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Fmr. owner of East Texas Ag Supply says limits on hazardous material 'probably needed'

ATHENS, TX (KLTV) - The former owner of East Texas Ag Supply, the facility that caught fire in May, said he thinks limits on hazardous materials are 'probably needed.'

Ken McGee, Sr. founded the company in the mid-1970's. After the May 29 fire, the location he worked at in downtown Athens is a shell of its former state.

"The reason the building and location is there is because of the railroad," McGee said. "It doesn't have much room for the trucks to come in and out."

He sold the company to his son and worked there until his retirement in 1998. McGee said he remembers being told about the May 29 fire and having to inform his son about the fire.

"I was the one who called him about the fire," McGee said. "Ken didn't even know. He had just gotten home and just been there. So he was very, very surprised."

Preliminary findings from the Texas State Fire Marshal's Office were undetermined. All factors to the fire were ruled out except an electrical failure. McGee said he does not believe everything can be ruled out at this point.

"I think they cannot be 100 percent sure that they can eliminate arson, I don't think you ever could." he said. "[Investigators] say it started in that northwest quadrant. I've asked electricians that's worked there, I've asked past employees, I do not remember any electricity going to that platform."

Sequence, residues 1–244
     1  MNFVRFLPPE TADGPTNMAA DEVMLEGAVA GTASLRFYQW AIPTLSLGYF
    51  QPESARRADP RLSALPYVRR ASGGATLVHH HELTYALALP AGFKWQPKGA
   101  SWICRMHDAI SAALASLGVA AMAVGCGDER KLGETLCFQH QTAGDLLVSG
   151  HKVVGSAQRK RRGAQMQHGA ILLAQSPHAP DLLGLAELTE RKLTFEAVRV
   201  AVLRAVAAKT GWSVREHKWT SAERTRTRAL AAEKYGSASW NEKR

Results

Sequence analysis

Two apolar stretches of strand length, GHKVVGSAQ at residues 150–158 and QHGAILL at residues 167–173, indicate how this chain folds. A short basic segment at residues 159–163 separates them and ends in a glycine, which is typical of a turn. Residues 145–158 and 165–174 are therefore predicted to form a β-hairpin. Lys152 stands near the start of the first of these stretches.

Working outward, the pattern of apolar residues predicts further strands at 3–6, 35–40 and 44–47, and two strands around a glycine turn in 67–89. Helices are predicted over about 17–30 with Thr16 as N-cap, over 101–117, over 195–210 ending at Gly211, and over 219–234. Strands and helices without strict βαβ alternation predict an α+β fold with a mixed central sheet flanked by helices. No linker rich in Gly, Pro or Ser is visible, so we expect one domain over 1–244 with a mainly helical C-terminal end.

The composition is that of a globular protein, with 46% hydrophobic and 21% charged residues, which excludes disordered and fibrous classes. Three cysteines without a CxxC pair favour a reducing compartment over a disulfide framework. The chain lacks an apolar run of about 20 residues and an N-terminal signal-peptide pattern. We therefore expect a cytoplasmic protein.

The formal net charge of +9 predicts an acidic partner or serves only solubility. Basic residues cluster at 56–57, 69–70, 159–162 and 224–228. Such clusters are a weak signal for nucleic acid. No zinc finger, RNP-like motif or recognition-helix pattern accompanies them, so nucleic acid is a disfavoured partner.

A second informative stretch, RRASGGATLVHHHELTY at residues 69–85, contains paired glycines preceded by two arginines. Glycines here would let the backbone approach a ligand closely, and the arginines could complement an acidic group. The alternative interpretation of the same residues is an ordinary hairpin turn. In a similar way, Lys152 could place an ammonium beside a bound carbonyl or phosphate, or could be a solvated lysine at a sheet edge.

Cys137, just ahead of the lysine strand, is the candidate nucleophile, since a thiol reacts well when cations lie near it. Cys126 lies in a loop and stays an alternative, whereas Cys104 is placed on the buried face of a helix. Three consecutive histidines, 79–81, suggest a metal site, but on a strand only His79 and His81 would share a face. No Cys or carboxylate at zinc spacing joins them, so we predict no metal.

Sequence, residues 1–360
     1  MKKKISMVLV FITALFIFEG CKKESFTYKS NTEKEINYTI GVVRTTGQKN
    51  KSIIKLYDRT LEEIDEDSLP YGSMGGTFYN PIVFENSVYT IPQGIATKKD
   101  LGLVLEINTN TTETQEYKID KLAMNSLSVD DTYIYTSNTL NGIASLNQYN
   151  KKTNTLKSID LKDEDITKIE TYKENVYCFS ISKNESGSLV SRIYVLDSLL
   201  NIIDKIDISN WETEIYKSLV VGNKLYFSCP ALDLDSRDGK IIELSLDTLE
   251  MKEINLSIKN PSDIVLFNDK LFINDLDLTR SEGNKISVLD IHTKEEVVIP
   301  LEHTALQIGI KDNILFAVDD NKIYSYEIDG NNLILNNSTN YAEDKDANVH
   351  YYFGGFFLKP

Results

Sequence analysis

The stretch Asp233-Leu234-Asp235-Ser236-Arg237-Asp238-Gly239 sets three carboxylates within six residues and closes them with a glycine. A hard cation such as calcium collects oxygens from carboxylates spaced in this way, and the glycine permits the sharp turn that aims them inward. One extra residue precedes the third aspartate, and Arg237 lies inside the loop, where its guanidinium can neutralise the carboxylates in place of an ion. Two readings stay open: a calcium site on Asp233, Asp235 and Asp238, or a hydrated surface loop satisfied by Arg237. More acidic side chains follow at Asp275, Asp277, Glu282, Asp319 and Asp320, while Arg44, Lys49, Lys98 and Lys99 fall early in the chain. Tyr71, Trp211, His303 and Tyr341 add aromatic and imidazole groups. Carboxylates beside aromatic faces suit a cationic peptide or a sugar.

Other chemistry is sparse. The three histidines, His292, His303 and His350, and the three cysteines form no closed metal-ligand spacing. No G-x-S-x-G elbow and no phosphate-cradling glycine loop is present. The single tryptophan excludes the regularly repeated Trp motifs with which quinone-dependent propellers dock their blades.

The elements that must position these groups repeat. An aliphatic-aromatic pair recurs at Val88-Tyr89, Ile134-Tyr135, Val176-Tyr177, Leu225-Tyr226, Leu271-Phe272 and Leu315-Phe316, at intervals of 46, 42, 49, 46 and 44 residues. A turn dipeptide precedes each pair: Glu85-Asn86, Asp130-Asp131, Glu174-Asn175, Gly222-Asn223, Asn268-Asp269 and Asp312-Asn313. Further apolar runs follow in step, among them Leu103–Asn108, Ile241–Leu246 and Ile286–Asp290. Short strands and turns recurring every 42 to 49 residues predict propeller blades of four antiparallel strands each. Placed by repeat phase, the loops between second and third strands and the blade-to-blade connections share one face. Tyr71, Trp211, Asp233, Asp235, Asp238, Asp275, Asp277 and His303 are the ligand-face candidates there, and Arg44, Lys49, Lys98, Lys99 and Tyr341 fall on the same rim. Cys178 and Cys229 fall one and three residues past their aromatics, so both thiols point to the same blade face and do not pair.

McGee said that platform in the northwest quadrant was a cement dock, and the electricity for the building was in a separate room.

He echoed what Athens leaders said during the incident that the two fires were very different situations.

"The fertilizer is still there, it didn't catch on fire didn't blow up or anything," McGee said. "Man has to do something to it to make it blow up."

Since the May 29 fire, the City of Athens has been working on possible ordinances to limit the amount of hazardous materials allowed to be at facilities inside the city.

"There's a lot of things you have to take into consideration," said city administrator Pam Burton during a June 9 council meeting. "We want to make sure there's no conflict (with existing codes)."

I think it's probably needed," McGee said. "I have no problem with them restricting those things but there's lots of other things that they wont restrict that could cause damage."

He points to gasoline storage in the city being a possible danger and said there have been incidents in the past. McGee hopes whatever action the city takes, it does not harm a vital industry.

"You have to have the industry for employment," McGee said. "We need the blending plants and fertilizer plants to serve the agricultural community."

No timeline has been set for the proposed ordinances. A more detailed report is expected to be released in late June.

McGee said his son is accommodating his customers by getting fertilizer from other sources. A cleanup plan is still awaiting approval by various local, state and federal agencies before that phase can begin. It is still unknown if McGee, Jr. will rebuild in Athens.

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